Height rules around Mumbai airport limit BKC, Wadala’s vertical growth
The International Civil Aviation Organisation (ICAO) stated the height restrictions in these areas cannot be relaxed because it would interfere with the signals between the radars and aircraftmumbai Updated: Sep 22, 2017 23:58 IST
The hopes of planning agency Mumbai Metropolitan Region Development Authority (MMRDA) to have taller buildings in its administered areas, Bandra-Kurla Complex (BKC) and Wadala, have hit a dead end, for now.
The International Civil Aviation Organisation (ICAO) stated the height restrictions in these areas cannot be relaxed because it would interfere with the signals between the radars and aircraft.
ICAO was studying the possibility of relaxing height restrictions for buildings at BKC and Wadala on behalf of the MMRDA.
The height restriction, which is 80m at BKC and 100-102m at Wadala, is an issue because developers cannot consume the entire global Floor Space Index (FSI) of 4 in the area. This development will hit the authority’s plan of constructing an iconic International Financial Services Centre (IFSC) building. This will also come in the way of MMRDA’s revenue generation plans. The authority had planned to auction its plots at BKC and Wadala with higher FSI and rake in the moolah once the height restrictions were relaxed.
ICAO, in its report, stated that until radars of the Mumbai airport are relocated to a higher location, taller buildings within the airport funnel zone cannot be permitted. “The ICAO report has come in and they have concluded that the height restriction at BKC and Wadala cannot be lifted. If it is relaxed it would interfere with the airport’s radar. One of the recommendations of ICAO is to relocate the radar to a higher place. We will request the Airports Authority of India to change its location,” said UPS Madan, metropolitan commissioner, MMRDA. The MMRDA will soon write to AAI and the Mumbai International Airport Ltd (MIAL) to seek change in radar height.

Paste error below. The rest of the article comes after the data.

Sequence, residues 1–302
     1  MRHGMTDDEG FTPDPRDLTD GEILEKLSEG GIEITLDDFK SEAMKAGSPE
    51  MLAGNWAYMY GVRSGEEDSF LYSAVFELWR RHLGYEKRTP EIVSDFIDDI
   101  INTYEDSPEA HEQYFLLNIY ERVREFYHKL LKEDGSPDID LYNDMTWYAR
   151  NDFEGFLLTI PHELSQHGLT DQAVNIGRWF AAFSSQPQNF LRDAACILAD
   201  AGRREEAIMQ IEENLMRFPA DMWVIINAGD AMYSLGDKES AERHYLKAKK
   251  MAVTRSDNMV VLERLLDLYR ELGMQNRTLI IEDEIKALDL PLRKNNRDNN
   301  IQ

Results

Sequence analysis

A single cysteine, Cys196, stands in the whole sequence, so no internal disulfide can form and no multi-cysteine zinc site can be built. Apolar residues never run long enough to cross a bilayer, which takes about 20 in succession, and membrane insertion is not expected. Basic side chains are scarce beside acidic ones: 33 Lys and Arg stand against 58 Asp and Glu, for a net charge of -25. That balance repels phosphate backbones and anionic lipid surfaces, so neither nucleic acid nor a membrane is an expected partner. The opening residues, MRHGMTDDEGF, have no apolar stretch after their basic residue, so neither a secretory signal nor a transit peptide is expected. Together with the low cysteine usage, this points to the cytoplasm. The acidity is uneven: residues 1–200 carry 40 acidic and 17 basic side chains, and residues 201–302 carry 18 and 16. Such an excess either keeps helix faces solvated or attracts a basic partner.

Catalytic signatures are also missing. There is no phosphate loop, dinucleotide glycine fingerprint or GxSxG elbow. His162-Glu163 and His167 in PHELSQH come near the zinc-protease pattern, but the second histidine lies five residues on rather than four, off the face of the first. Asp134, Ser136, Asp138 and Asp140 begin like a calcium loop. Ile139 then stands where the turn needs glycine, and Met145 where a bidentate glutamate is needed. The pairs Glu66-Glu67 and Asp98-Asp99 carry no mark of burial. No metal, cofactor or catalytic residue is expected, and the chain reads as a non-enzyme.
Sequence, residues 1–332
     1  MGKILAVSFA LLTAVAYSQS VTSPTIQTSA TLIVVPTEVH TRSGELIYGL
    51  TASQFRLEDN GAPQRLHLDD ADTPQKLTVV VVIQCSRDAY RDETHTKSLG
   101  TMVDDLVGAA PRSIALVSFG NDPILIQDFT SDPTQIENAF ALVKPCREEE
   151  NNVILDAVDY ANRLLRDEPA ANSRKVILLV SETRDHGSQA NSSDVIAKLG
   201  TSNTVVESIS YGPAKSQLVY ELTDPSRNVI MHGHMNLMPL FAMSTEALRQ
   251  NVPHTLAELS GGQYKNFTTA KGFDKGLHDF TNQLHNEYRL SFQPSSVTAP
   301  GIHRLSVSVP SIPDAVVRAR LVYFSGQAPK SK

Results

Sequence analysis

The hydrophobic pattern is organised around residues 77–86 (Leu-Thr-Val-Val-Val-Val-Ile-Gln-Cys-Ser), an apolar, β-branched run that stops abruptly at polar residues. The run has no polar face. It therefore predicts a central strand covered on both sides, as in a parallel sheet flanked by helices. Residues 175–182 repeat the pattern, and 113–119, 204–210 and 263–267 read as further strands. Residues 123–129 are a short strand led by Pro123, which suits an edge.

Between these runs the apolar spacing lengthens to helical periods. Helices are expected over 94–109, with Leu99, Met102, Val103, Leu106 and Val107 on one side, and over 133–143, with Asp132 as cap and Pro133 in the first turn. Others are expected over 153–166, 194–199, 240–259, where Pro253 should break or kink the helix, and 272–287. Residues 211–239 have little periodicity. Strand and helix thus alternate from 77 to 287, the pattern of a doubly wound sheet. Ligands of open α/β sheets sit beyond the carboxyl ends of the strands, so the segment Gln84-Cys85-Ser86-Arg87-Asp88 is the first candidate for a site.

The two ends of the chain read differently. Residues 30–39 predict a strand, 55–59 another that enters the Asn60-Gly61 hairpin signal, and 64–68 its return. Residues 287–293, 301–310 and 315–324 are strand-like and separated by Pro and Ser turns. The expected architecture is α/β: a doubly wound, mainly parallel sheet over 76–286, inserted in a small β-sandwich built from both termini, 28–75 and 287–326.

The height restrictions near airports are imposed as the area falls in the trajectory of the runway. The restrictions are also imposed so that there is no interference with radar signals. The radars are a critical component that capture the aircraft location, identifies aircraft, picks up radio contact loss and hijack signal from the aircraft and relays it to the air traffic control.
However, a senior official said changing the location of the radar is also not going to be easy. “Internationally, norms are much more relaxed for the height of the radar and to relocate them. Here the Ministry of Civil Aviation will have to amend its policy to facilitate this change which could take time,” the official said.